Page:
Jan Bartek – AncientPages.com – Historical and ethnographic sources have long highlighted the importance of tobacco in Mesoamerica, but finding actual physical evidence of this plant in archaeological digs has been a rare occurrence. However, recent findings at Cotzumalhuapa, Guatemala, dating back to the Late Classic period (AD 650–950), suggest that tobacco was used ritually.

Ancient Mesoamericans Drunk Tobacco In Healing Rituals - Ceramic Vases From Cotzumalhuapa, Guatemala Reveal

Tobacco plants. Credit: Adobe Stock – NtDanai

This conclusion comes from the detection of nicotine in residue analysis from three cylindrical ceramic vases found near the El Baúl acropolis. These vases are believed to have contained tobacco infusions or other liquid concoctions. This discovery provides new physical proof for an ancient ritual practice involving tobacco in Mesoamerica that was previously only speculated about.

During the Late Classic Period (AD 650–950), Cotzumalhuapa emerged as one of Mesoamerica’s most prominent cities. Its unique artistic style was widely disseminated across Guatemala’s Pacific coast and highlands, signifying the city’s significant political and economic influence in that region.

To delve deeper into the rituals at Cotzumalhuapa, a research team from Yale University and Lehman College of The City University of New York conducted a chemical residue analysis on seven ceramic vases found near the El Baúl acropolis.

“We knew that tobacco was a very important substance employed for a variety of ritual and therapeutic purposes in ancient Mesoamerica and across the New World,” says co-author of the research, Dr. Oswaldo Chinchilla Mazariegos from Yale University. “However, archaeological evidence is scarce because the remains of tobacco rarely preserve well.”

Ancient Mesoamericans Drunk Tobacco In Healing Rituals - Ceramic Vases From Cotzumalhuapa, Guatemala Reveal

Left: Sculpture of a Mesoamerican ruler with what are likely tobacco leaves in its headdress. Credit: Oswaldo Chinchilla Mazariegos Right: One of the ceramic vases analyzed. Credit: Oswaldo Chinchilla Mazariegos

Scientists were optimistic that examining the residues found within these impeccably preserved containers would shed light on how plants were utilized in ceremonial practices.

The tests on the vessels did not show any traces of cacao, chili peppers, or achiote (a food dye and condiment). Interestingly, out of the seven vases examined, three surprisingly tested positive for nicotine. Given that these vessels are usually used for storing liquids, finding tobacco residue was quite an unexpected discovery.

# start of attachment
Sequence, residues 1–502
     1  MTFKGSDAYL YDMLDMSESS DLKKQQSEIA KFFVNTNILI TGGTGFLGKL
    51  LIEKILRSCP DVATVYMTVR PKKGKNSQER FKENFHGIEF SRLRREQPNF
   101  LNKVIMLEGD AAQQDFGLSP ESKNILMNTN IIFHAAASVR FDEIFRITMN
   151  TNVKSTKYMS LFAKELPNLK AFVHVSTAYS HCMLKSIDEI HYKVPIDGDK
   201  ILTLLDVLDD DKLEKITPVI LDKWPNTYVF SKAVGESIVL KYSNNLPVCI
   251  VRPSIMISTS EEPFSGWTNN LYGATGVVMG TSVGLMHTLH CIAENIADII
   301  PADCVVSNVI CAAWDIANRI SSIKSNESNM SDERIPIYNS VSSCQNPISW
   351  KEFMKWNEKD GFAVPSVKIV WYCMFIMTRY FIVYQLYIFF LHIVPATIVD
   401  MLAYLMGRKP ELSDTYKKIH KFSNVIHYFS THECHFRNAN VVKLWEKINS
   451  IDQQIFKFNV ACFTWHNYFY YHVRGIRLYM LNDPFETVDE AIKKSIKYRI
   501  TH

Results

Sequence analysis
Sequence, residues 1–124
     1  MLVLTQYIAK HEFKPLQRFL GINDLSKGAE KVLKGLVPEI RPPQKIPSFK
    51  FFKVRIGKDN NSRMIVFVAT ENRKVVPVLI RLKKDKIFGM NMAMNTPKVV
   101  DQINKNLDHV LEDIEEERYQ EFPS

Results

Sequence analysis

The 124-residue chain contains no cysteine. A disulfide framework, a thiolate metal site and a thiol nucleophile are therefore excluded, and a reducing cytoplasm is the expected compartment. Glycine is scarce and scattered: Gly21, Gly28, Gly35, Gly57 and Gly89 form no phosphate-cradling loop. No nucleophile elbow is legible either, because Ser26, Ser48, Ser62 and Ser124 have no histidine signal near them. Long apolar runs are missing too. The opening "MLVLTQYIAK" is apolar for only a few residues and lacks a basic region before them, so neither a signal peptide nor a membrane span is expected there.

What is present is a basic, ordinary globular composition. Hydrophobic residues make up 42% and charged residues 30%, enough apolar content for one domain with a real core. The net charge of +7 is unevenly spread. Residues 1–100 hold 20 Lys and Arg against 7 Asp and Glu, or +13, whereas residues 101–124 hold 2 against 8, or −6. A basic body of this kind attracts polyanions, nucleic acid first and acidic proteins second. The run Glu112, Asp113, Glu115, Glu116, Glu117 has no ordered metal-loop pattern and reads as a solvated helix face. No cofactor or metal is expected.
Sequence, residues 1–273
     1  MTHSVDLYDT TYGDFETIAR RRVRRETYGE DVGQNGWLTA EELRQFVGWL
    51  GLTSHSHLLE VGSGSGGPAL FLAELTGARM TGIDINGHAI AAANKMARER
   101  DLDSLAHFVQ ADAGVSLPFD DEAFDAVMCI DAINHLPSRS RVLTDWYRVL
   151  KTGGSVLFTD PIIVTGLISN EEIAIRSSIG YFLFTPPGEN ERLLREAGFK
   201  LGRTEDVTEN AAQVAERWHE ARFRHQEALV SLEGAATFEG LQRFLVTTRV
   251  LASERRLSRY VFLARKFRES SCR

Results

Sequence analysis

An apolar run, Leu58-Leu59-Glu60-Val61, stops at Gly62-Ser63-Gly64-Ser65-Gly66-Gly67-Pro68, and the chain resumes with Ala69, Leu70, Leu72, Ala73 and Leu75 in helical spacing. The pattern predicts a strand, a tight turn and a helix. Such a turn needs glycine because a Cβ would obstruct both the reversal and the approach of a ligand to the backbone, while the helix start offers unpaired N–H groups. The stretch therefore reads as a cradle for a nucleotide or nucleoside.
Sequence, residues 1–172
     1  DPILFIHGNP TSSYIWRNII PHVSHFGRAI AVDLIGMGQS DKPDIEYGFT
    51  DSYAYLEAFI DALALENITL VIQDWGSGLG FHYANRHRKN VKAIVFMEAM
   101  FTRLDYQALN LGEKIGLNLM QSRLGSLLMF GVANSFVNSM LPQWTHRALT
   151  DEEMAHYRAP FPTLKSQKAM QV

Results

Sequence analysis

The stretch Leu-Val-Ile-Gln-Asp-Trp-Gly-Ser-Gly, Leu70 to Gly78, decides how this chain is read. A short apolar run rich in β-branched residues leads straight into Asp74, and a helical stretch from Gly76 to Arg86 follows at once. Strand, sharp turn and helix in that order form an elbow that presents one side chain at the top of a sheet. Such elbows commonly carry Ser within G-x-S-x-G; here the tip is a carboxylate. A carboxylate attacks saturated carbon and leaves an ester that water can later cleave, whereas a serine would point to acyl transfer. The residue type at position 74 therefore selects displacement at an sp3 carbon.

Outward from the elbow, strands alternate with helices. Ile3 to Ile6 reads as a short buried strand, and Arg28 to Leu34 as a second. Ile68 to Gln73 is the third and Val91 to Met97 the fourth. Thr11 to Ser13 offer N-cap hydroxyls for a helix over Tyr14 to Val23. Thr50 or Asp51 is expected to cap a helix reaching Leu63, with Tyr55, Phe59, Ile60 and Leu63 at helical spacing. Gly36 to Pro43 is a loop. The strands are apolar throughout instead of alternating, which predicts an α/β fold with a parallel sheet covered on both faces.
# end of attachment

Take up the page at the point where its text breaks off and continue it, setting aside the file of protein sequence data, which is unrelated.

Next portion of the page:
While it was commonly understood that tobacco was either smoked in its dried leaf form or inhaled as a powder, this new finding implies that it might have been used as a liquid infusion as well.

This is significant because it provides solid archaeological proof of tobacco usage in Mesoamerica, indicating that the consumption of tobacco infusions could have been a concurrent practice with smoking or sniffing.

“The proximity of sweat baths in the same architectural group as the cache deposits containing cylindrical vases at Cotzumalhuapa suggests that the tobacco infusions deposited in these vessels may have been employed in curing and purification rituals.

The sweat bath is especially important in therapeutic and ritual procedures related to childbirth and is associated with deities related to midwifery.

Archaeological and ethnographic evidence attest to the use of sweat baths in Mexico and Guatemala for spiritual and physical purification. In the Maya highlands, steam bathing is used for many health conditions. In Oxchuc, ritual steam bathing and bloodletting are used to cure diseases, while tobacco-wound coverings protect against the entrance of “pathogenic wind,” the researcher wrote in their study.

Ancient Mesoamericans Drunk Tobacco In Healing Rituals - Ceramic Vases From Cotzumalhuapa, Guatemala Reveal

Archaeological vessels sampled for residue analysis from El Baúl, Cotzumalhuapa, Guatemala. From left to right, top row: EB9E-G18-05, EB9D-G27-04, EB9E-H19-06, EB9D-I27-05; bottom row: EB9D-Q31-06, EB9D-E26-04-2, EB9D-F30-03 (photographs by Oswaldo Chinchilla Mazariegos).

Tobacco’s extensive usage for both ritualistic and therapeutic reasons, which were likely intertwined, is well-recorded from the early colonial period up to the present. However, recent findings suggest that this practice dates back even further than previously thought. This underscores the significance of conducting archaeological studies in regions that have not been thoroughly explored yet.

See also: More Archaeology News

Dr. Chinchilla Mazariegos pointed out that, despite its significance, the Pacific coast of Guatemala is grossly overlooked in archaeological studies. He expressed hope that these intriguing findings will spark more research and examination of archaeological samples collected from sites along the Pacific coastline.

The study was published in the journal Antiquity.

Written by Jan Bartek – AncientPages.com Staff Writer

Source link


Leave a Reply

Your email address will not be published. Required fields are marked *